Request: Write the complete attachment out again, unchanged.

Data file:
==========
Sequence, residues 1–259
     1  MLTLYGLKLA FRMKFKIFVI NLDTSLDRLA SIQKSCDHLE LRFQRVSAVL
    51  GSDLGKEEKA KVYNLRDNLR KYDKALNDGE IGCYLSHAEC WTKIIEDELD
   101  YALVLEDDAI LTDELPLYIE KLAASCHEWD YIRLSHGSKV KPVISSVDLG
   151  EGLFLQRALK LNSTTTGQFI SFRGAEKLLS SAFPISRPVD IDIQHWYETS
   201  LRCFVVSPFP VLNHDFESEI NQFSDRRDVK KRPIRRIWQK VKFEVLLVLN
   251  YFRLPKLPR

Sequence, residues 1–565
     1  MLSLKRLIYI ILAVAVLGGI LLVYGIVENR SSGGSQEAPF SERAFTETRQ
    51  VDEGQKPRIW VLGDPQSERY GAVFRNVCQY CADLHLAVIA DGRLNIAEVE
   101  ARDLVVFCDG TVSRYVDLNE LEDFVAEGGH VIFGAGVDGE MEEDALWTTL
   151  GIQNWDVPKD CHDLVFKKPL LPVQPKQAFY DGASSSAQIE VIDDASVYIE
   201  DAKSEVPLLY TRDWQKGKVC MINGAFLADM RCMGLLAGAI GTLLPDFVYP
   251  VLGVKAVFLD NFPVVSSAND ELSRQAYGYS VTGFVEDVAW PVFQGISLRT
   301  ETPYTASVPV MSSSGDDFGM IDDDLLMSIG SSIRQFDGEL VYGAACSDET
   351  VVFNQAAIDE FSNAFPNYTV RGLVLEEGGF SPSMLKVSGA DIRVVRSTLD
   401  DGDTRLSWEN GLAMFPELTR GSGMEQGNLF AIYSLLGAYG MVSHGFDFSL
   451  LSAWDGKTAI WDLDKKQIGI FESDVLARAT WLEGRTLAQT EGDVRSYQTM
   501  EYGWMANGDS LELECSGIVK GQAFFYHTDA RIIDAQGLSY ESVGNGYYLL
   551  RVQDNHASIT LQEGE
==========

Sequence, residues 1–259
     1  MLTLYGLKLA FRMKFKIFVI NLDTSLDRLA SIQKSCDHLE LRFQRVSAVL
    51  GSDLGKEEKA KVYNLRDNLR KYDKALNDGE IGCYLSHAEC WTKIIEDELD
   101  YALVLEDDAI LTDELPLYIE KLAASCHEWD YIRLSHGSKV KPVISSVDLG
   151  EGLFLQRALK LNSTTTGQFI SFRGAEKLLS SAFPISRPVD IDIQHWYETS
   201  LRCFVVSPFP VLNHDFESEI NQFSDRRDVK KRPIRRIWQK VKFEVLLVLN
   251  YFRLPKLPR

Sequence, residues 1–565
     1  MLSLKRLIYI ILAVAVLGGI LLVYGIVENR SSGGSQEAPF SERAFTETRQ
    51  VDEGQKPRIW VLGDPQSERY GAVFRNVCQY CADLHLAVIA DGRLNIAEVE
   101  ARDLVVFCDG TVSRYVDLNE LEDFVAEGGH VIFGAGVDGE MEEDALWTTL
   151  GIQNWDVPKD CHDLVFKKPL LPVQPKQAFY DGASSSAQIE VIDDASVYIE
   201  DAKSEVPLLY TRDWQKGKVC MINGAFLADM RCMGLLAGAI GTLLPDFVYP
   251  VLGVKAVFLD NFPVVSSAND ELSRQAYGYS VTGFVEDVAW PVFQGISLRT
   301  ETPYTASVPV MSSSGDDFGM IDDDLLMSIG SSIRQFDGEL VYGAACSDET
   351  VVFNQAAIDE FSNAFPNYTV RGLVLEEGGF SPSMLKVSGA DIRVVRSTLD
   401  DGDTRLSWEN GLAMFPELTR GSGMEQGNLF AIYSLLGAYG MVSHGFDFSL
   451  LSAWDGKTAI WDLDKKQIGI FESDVLARAT WLEGRTLAQT EGDVRSYQTM
   501  EYGWMANGDS LELECSGIVK GQAFFYHTDA RIIDAQGLSY ESVGNGYYLL
   551  RVQDNHASIT LQEGE